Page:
Many of us who live in affluent societies enjoy abundant food choices. In the U.S., we have the luxury of being able to pick our diet based upon personal preference, individual nutrients, food production systems, origin, brand, and price. For those of us who have these abundant food choices, Pollan provides additional advice:

???don’t eat anything that your great grand-mother wouldn’t recognize as food;

???avoid food products containing ingredients that are a) unfamiliar, b) unpronounceable, c) more than five in number, or that include d) high-fructose corn syrup;

???avoid food products that make health claims;

???shop the peripheries of the supermarket and stay out of the middle. (processed food products dominate the center aisles); and,

???get out of the supermarket whenever possible.

Pollan’s recommendations are clever. But some of his other recommendations, like “pay more, eat less,” would offend our African friends, like Olendorrop (right).  Olendorrop faces daily challenges in feeding his family.  In the semi-arid savannah of the Rift Valley in northern Tanzania, he struggles to raise sheep and goats, grow corn, and survive.  He has learned how to use dewormers to keep his livestock healthy.  When he uses an antibiotic to treat a sick animal, he doesn’t care about organic food.  All of his animals are grass-fed because corn is people food.  He can’t go to the supermarket because there isn’t one.  He isn’t worried about health claims and ingredients because his food doesn’t have labels.  If Olendorrop paid more and ate less, his family wouldn’t survive.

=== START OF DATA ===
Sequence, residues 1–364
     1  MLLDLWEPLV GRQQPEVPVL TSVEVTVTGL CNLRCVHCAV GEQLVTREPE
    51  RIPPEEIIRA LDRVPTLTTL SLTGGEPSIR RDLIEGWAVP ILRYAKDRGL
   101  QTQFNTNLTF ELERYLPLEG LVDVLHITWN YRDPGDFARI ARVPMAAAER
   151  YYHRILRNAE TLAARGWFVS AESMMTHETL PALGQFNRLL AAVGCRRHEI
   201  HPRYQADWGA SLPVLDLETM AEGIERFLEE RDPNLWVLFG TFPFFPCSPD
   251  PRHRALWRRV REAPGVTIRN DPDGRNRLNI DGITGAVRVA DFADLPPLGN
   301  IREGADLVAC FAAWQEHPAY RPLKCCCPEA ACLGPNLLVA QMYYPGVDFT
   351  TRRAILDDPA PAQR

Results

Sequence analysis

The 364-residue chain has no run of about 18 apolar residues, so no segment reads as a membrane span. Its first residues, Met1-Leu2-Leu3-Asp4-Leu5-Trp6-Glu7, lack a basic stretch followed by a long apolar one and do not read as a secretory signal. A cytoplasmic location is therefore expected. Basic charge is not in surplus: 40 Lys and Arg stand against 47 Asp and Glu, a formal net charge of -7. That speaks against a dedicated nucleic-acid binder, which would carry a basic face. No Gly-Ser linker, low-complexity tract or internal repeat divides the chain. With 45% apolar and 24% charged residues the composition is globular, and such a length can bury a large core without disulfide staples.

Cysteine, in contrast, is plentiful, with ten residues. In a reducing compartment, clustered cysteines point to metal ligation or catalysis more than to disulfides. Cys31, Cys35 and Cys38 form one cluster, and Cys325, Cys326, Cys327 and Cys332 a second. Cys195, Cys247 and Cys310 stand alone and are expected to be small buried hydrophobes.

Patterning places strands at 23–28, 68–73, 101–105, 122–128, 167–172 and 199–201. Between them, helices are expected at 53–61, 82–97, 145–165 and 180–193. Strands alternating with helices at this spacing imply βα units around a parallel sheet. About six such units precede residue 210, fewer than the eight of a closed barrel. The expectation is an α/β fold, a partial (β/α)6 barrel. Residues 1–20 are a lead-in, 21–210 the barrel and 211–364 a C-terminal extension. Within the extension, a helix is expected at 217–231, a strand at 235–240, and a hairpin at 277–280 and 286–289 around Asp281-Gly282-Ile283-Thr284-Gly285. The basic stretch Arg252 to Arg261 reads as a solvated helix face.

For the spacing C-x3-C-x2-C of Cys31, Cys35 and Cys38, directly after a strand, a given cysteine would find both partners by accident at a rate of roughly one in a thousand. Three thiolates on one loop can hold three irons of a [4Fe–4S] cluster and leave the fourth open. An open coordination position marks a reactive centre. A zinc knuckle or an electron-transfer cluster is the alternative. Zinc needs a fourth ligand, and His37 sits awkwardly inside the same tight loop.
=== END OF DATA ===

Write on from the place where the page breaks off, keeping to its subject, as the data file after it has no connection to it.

My advice: if you can afford to choose what you eat, be thankful. Being able to consider what you eat is a luxury in itself. 

Our eater’s manifesto should be to help others simply eat.  Have we, the affluent with abundant food choices, finally arrived, or have we lost touch with global reality?  Do we really need to defend our food from food science and food production systems, as Pollan writes, or do we need to defend the 923 million undernourished people in the world  who don’t have food and help transform their lives?